Birding at Kenneth Stainbank

Kenneth Stainbank Nature Reserve is another one of Durban’s gems and it is only 12 or so kms from the city. Este Shearar and I (Penny de Vries) went on a two-person masked walk (our new normal) on yet another glorious July day. From the parking lot, we headed around the corner to walk through the grassland towards the dam. We didn’t get very far. We were stuck at the beginning of the grassland path for about an hour. No, not in the mud; it was very dry. By the birds. There were so many in the trees along the edge of the grassland. Many were calling too. Black-headed Oriole, Golden-tailed Woodpecker, Yellow-bellied Greenbul and the ever present White-eared Barbet. 

We heard a high-pitched sound, looked straight up and there was this cute little African Dusky Flycatcher just above us. A flash of blue – Brown-hooded Kingfisher – and a group of flocking, Black-bellied Starling.

Brown-hooded Kingfisher
Black-bellied Starling

Then amidst the Spectacled Weaver and Purple-crested Turaco calls, we heard tchick, tchick, tchick, scanned the blue, blue sky and there came an African Goshawk. Este managed to capture it even though it flew over so quickly, (photographically of course).

African Goshawk

As we had finally exhausted all the possibilities at the beginning of the path, we headed on down to where zebras were grazing, the wild dagga were showing off and we heard a call that had been going on for a while. Sounded remarkably like someone in distress. Eventually I didn’t, but the penny did (drop, that is). Black Sparrowhawk from the thick forested area. More of the usual suspects as we wended our way towards the dam, with a Black Cuckooshrike top of the hit parade.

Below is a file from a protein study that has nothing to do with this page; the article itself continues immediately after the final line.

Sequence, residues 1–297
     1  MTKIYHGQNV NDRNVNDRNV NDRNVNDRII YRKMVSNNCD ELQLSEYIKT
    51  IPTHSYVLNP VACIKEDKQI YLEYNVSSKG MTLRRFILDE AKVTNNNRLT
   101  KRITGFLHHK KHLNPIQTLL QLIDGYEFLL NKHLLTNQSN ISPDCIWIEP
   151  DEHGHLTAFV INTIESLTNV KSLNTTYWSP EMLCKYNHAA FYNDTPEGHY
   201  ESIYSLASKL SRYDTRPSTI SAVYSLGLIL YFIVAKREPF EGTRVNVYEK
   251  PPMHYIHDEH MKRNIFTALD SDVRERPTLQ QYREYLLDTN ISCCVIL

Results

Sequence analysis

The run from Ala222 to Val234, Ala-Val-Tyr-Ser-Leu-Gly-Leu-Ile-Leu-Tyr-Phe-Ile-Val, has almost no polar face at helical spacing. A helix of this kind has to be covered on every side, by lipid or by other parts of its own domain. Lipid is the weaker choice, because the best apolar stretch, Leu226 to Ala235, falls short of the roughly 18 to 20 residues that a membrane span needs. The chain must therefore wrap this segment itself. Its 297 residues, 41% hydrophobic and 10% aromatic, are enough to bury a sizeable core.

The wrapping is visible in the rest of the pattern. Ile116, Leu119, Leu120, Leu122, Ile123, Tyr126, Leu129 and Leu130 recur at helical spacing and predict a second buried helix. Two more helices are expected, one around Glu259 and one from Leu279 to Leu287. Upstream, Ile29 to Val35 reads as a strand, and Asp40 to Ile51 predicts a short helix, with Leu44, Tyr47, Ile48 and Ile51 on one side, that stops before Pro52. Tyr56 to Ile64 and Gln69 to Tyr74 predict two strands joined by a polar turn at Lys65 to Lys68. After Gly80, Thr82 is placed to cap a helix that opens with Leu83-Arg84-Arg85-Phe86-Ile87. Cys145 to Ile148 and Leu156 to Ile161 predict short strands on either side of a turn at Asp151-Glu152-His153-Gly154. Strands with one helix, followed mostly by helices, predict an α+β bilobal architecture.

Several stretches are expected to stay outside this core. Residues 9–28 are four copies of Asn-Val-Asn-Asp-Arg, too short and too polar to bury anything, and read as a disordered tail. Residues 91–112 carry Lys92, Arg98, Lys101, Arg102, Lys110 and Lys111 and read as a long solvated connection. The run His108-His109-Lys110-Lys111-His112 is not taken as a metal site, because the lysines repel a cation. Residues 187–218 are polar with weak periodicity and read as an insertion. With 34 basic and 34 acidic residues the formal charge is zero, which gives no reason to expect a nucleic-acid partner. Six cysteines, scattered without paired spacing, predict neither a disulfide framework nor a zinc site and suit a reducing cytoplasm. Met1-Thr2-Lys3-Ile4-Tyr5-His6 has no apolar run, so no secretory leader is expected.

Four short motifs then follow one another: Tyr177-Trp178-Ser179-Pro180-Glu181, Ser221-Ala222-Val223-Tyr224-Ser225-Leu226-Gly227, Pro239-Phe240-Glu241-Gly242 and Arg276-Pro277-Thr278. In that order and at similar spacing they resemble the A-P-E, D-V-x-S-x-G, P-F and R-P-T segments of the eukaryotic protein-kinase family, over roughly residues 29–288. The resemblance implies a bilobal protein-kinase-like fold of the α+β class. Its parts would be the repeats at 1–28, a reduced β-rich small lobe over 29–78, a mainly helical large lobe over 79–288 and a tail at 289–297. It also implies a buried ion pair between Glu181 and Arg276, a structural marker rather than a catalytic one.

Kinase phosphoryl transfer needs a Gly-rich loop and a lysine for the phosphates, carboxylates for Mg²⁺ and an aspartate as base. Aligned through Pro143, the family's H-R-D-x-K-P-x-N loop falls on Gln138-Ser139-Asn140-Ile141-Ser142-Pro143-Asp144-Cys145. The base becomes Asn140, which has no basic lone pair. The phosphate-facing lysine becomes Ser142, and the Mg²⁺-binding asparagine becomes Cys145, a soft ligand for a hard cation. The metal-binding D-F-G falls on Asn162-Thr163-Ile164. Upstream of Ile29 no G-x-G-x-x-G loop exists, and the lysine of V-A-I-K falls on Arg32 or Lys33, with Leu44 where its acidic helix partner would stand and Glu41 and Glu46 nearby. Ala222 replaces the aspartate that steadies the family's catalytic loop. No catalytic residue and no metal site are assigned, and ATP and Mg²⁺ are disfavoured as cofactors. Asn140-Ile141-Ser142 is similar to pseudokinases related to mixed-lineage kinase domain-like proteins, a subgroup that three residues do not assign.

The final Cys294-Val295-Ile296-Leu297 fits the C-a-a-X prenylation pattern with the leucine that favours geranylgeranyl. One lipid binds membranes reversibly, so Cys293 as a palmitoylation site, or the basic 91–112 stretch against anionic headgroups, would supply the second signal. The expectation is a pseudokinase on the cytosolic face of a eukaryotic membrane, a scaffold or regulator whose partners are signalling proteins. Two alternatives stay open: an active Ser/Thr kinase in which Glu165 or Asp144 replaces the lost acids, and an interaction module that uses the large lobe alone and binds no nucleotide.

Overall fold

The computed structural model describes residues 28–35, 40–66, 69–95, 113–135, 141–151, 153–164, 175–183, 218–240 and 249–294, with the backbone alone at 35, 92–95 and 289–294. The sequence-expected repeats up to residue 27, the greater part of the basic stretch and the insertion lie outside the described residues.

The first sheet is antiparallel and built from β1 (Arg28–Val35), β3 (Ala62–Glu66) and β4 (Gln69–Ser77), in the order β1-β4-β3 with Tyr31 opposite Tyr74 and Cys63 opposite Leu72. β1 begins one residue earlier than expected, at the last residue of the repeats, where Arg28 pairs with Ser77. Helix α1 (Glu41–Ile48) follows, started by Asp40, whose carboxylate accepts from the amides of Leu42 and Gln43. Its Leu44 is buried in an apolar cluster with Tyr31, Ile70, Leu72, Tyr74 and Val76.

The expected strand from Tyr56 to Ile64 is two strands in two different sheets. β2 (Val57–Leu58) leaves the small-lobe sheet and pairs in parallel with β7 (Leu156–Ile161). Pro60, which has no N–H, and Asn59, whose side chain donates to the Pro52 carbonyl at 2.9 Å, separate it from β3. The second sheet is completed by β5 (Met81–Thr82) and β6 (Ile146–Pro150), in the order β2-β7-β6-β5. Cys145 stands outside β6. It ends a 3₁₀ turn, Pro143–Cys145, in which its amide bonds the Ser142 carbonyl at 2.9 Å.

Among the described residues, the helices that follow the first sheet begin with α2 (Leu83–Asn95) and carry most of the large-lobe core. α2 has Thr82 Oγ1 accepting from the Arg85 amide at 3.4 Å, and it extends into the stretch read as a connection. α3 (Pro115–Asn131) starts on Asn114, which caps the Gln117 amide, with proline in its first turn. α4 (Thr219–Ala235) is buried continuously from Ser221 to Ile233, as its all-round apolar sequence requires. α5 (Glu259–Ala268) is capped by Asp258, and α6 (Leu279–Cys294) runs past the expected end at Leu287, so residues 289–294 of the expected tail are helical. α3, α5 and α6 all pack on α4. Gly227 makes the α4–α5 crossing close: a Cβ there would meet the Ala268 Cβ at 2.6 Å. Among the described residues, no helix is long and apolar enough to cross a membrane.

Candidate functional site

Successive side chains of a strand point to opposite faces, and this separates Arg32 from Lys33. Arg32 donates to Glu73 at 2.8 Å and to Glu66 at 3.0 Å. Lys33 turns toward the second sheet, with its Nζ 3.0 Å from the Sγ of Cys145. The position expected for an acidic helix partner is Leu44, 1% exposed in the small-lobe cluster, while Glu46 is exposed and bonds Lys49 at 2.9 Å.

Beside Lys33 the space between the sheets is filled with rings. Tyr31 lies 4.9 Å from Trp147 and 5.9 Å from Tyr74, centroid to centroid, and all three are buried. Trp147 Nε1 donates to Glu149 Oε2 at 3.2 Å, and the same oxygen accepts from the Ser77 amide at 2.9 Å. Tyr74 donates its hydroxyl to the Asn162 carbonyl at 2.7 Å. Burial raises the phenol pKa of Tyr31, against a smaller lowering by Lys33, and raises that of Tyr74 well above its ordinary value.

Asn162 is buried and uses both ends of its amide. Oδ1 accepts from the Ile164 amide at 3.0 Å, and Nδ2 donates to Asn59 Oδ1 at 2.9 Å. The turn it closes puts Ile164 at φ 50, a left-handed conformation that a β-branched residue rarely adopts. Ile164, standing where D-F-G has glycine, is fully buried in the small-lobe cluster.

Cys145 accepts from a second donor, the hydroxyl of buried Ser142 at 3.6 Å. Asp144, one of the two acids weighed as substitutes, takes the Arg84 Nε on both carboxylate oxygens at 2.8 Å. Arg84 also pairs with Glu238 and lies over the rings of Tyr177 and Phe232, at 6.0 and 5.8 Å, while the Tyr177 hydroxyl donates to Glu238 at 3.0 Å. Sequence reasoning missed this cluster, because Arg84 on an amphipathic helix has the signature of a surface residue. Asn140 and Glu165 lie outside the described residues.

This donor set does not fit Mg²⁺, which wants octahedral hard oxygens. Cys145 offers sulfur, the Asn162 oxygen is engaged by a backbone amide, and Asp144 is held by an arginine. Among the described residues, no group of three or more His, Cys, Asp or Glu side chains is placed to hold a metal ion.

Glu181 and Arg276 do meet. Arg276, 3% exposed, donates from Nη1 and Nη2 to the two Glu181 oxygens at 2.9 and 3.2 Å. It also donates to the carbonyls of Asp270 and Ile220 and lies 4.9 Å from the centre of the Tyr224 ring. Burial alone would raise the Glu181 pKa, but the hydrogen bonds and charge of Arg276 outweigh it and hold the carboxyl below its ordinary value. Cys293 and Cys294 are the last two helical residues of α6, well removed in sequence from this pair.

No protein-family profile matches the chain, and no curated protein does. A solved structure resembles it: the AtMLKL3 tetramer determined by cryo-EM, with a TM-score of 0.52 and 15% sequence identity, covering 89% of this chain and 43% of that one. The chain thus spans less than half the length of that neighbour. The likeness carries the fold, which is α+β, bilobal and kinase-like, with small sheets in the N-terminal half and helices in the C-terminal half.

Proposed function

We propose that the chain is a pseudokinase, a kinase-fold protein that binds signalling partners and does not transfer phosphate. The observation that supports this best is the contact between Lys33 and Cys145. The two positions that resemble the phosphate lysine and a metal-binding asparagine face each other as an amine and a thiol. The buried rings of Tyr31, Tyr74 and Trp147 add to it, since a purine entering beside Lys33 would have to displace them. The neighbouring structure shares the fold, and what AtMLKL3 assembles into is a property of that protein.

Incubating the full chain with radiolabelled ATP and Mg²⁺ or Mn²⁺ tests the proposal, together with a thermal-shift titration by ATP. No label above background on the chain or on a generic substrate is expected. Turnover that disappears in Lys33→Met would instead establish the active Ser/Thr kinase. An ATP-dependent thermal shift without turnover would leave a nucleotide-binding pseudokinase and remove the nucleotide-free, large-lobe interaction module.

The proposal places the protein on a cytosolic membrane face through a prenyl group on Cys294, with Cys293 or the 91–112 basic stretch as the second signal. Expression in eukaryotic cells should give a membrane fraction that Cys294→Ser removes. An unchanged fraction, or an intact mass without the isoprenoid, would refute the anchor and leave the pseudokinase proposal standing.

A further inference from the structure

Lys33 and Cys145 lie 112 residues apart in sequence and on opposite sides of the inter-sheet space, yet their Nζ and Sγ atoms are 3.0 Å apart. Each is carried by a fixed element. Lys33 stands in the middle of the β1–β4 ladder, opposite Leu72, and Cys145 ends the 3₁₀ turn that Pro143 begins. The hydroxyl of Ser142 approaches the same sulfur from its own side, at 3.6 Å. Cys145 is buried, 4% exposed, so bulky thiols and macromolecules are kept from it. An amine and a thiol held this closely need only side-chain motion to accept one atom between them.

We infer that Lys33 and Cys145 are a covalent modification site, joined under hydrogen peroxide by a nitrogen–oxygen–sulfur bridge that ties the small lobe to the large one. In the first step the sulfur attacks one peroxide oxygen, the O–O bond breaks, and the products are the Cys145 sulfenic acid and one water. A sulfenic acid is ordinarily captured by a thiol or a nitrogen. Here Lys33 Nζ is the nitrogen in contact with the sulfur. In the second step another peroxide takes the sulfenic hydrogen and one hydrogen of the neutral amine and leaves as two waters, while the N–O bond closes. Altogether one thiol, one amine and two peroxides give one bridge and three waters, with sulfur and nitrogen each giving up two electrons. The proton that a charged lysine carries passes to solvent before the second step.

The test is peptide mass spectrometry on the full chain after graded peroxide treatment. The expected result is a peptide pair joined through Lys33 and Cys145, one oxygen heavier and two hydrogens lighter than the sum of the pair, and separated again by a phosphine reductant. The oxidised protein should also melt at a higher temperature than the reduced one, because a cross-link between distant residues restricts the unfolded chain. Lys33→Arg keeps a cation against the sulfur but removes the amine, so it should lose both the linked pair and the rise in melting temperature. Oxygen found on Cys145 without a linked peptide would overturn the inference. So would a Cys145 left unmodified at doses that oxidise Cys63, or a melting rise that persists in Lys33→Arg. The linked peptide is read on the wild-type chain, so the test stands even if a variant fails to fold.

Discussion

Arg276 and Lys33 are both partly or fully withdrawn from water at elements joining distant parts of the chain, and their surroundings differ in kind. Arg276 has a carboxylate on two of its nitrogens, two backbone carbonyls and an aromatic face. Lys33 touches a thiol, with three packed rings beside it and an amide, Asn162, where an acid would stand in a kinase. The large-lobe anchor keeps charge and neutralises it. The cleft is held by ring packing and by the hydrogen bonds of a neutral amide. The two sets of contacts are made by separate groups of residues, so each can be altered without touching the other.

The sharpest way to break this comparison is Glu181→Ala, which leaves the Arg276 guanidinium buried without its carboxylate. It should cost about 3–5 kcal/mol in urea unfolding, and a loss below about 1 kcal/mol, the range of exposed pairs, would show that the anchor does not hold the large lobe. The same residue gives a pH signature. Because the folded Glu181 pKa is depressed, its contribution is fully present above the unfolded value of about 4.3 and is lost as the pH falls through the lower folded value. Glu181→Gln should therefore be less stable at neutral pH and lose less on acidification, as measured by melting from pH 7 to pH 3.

Finally reached the dam, where we saw Reed Cormorant, Black Crake and Little Grebe. Some Crowned Hornbills flew over too. The island in the centre of the dam is no more, so the usual weavers were absent. It’s such a tranquil spot to sit and reflect. 

We dragged ourselves away and headed back to the carpark via the Castle. Great to see Lesser Striped Swallows – a hint of summer. A White-browed Scrub Robin bamboozled me; I could not believe we could not see it. It was so loud coming from the bush directly next to the path but impossible to see. I recorded the call and put it on the club’s friendly BLPN WhatsApp group1 and within a short time, Jenny Norman confirmed the ID. 

Our haul for the day was 40 species, not bad for winter, especially as we weren’t able to stay long enough to do the forest area justice. 

Report by Penny de Vries; Photographs taken by Penny de Vries and Este Shearer.

1Editor’s note: BLPN WhatsApp group – please note that all members are welcome to join this group but it is by request – you are not automatically added as a member you opt in for the service. Please send your cell number by email to or

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